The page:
Panasonic Corp on Wednesday forecast flat operating profits this business year as component shortages caused by COVID-19 lockdowns in China and rising material costs following Russia’s invasion of Ukraine pose a risk to earnings.
Those impacts will be felt broadly through its manufacturing units, including in the Japanese conglomerate’s energy business, which makes batteries for Tesla (NASDAQ:TSLA) Inc, as the U.S. electric vehicle maker pushes it to accelerate production plans for a new powerpack.
Electric vehicle demand is expected to grow and Panasonic (OTC:PCRFY) will try to mitigate higher costs for metals such including lithium, nickel and cobalt, through “price revisions” and “rationalization”. It did not elaborate on that point.
Panasonic also noted risks of factory lockdowns by suppliers due to COVID-19 and the “international situation.”
“The impact of lockdowns in Shanghai will likely be felt from June,” Hirokazu Umeda, the company’s chief financial officer said.
The company predicted operating profit of 360 billion yen for the year to March 31, 2023, little changed from the 357 billion in the previous business year. That forecast is 5.9% lower than the mean estimate of 382.7 billion yen from 20 analysts, Refinitiv data shows.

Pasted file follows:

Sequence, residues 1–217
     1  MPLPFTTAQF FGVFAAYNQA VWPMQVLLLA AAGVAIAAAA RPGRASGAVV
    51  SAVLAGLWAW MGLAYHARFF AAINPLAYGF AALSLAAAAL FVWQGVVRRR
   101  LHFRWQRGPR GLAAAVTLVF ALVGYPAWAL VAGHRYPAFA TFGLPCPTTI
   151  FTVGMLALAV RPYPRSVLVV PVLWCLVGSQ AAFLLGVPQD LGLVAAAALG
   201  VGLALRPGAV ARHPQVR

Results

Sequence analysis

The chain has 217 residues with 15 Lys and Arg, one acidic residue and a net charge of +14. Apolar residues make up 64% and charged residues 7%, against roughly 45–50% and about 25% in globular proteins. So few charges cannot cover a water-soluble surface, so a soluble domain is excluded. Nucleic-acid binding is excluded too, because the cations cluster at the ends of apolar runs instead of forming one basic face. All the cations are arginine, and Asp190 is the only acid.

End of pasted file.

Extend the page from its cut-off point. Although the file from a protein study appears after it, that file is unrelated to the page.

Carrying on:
Panasonic supplies batteries to Tesla along with China’s Contemporary Amperex Technology Co Ltd and South Korea’s LG Energy Solution. It plans to build a mega-factory in the United States to build its new battery for Tesla, Japanese public broadcaster NHK reported in March.
“There is nothing I can share about that,” Umeda said when asked about the report.
The battery, of 4680 format (46 millimetres wide and 80 millimetres tall), is about five times bigger than those that Panasonic currently supplies, meaning Tesla should be able to lower production costs and improve vehicle range.
SUPPLY CHAIN SOFTWARE
As part of its strategy to move away from making low-margin consumer electronics and household appliances, Panasonic on Wednesday also announced it wanted to list shares of its supply chain software business to raise funds for investment.
That sale will include Blue Yonder, a U.S. machine learning company it bought last year for $7.1 billion, bundled with other supply chain services operated by Panasonic.
It did not say when a stock sale would occur or how much it planned to raise.
Panasonic expects demand for supply chain software services, which are used to manage inventories and streamline production to double over the next five years.
In the three months to March 31, Panasonic posted operating profit of 83.3 billion yen, compared with a profit of 31.8 billion yen a year earlier. That result was worse than a mean estimate of 85.5 billion yen profit from nine analysts surveyed by Refinitiv.